1990s

pic9011. ‘Apartheid Is No Holiday’

Representatives of British local authorities joined a protest against the inclusion of South Africa and Bophuthatswana in the World Travel Market at Olympia in November 1990. One of the few sanctions Prime Minister Margaret Thatcher agreed to was a voluntary ban on the promotion of tourism to South Africa and Namibia, but the British government did nothing to put this into practice.

gov52. Britain’s Sanctions Record

Submission to the Parliamentary Foreign Affairs Committee showing Britain’s failure to enforce the limited restrictive measures it had placed on trade and investment in South Africa.

pic9010. ‘Free South Africa Now! Boycott Shell!’

Southwark AA Group supporters picketed a Shell garage in South London in 1990. After Nelson Mandela’s release, the AAM kept up its campaign for a boycott of Shell and for sanctions to pressure the South African government to agree a genuinely democratic constitution.

pic9012. AAM Month of Action against South African gold

Members of Notting Hill AA Group asked shoppers to boycott South African gold in Kensington High Street, West London, as part of the AAM’s Month of Action against apartheid gold sales in December 1990.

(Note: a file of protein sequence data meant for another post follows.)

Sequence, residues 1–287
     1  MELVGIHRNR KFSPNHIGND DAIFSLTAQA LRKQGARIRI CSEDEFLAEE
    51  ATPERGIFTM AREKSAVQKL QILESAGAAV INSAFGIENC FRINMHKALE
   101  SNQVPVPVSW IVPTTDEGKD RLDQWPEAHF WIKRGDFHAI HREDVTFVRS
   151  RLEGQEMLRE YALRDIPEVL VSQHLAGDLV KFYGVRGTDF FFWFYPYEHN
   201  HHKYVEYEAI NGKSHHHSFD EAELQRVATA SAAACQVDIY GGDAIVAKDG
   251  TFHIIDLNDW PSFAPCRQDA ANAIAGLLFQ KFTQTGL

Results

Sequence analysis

pic9013. Oliver Tambo with AAM leaders

ANC president Oliver Tambo accepts a message of solidarity for the ANC’s consultative conference from AAM President Trevor Huddleston in December 1990. Also in the picture are the AAM’s Chair Bob Hughes MP and Executive Secretary Mike Terry.

90s07. AAM membership form

Many people assumed the release of Mandela and the lifting of bans on the ANC and PAC meant an end to apartheid. This AAM recruitment leaflet stated that the pillars of apartheid were still in place. It argued that democracy meant one person one vote in a unitary South Africa and that free political activity was a prerequisite of negotiations for majority rule.

90s12. Open Letter to John Major

This open letter was published after crisis talks between President de Klerk and the ANC on 12 February 1991. It asked Prime Minister John Major to press de Klerk to agree to the setting up of a constituent assembly and interim government as key steps towards a democratic constitution.

lgs46. ‘Tell de Klerk: Stop the Violence and Repression’

Leaflet distributed by Notting Hill AA Group in west London as part of the national AAM campaign to pressure the South African government to release all political prisoners and stop fomenting ‘black on black’ violence.